Christianity Today: But what about the old saying, “The blood of the martyrs is the seed of the church”?
Historian Philip Jenkins: That was said by Tertullian, who came from the church in North Africa, where the church vanished. If you were to look at the healthiest part of Christianity right around the year 400 or 500, you might well look at North Africa, roughly what we call Tunisia and Algeria. It was the land of Augustine. Then the Arabs, the Muslims, arrive. They conquer Carthage in a.d. 698, and 100 years later—I don’t say there were no Christians there, but there certainly was only a tiny, tiny number. That church dies.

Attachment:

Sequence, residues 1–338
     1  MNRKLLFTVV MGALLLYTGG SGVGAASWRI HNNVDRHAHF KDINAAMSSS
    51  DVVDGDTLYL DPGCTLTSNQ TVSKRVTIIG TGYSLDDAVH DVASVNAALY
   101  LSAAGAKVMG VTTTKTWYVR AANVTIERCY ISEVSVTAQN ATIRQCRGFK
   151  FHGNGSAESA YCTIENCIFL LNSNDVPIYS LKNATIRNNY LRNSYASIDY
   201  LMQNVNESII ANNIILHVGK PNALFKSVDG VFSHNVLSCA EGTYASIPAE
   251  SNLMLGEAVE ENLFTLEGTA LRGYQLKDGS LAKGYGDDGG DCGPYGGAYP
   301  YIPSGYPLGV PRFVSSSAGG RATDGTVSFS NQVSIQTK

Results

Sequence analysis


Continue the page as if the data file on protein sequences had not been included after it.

The rest is here: http://www.christianitytoday.com/ct/2009/march/24.52.html
It was indeed an interesting and sobering article.
However, I think we must resist the temptation to equate numbers of professing Christians with the spiritual health of the church. I think of the contrast between the church in Philadelphia which had little earthly power but had kept the faith (Rev. 3:8) and the church at Sardis which had the reputation of being alive but was, in fact, dead (Rev. 3:1b).
Agreed. Interpreting accurately all of the relevant details is really only the domain of one Person!